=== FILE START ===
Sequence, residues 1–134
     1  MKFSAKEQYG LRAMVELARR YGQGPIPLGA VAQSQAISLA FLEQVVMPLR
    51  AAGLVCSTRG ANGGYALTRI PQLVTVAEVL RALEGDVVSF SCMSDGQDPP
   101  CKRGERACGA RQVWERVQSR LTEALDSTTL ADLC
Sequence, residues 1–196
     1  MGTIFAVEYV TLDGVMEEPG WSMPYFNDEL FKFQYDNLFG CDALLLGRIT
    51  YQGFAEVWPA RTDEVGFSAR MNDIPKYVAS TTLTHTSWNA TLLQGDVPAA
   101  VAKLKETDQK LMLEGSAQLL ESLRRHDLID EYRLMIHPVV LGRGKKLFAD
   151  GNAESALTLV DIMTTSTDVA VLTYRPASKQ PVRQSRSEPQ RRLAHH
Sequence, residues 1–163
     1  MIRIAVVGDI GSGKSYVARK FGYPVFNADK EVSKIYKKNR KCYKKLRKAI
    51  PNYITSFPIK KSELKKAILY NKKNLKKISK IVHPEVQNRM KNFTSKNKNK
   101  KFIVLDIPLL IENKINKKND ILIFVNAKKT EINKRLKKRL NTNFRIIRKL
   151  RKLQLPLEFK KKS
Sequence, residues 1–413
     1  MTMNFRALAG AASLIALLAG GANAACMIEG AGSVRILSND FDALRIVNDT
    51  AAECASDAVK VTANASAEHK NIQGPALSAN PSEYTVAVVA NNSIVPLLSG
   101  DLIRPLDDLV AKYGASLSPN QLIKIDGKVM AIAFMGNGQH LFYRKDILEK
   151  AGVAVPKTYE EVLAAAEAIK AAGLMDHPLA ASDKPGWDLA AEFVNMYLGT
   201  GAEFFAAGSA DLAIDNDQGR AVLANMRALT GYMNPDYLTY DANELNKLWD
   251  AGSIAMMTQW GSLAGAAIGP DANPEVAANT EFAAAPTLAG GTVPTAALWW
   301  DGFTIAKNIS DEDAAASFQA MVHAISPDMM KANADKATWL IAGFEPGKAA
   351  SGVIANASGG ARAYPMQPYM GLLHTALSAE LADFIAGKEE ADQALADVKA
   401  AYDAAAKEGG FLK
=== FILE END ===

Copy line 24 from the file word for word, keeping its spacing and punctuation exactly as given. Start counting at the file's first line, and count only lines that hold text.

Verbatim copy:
   401  AYDAAAKEGG FLK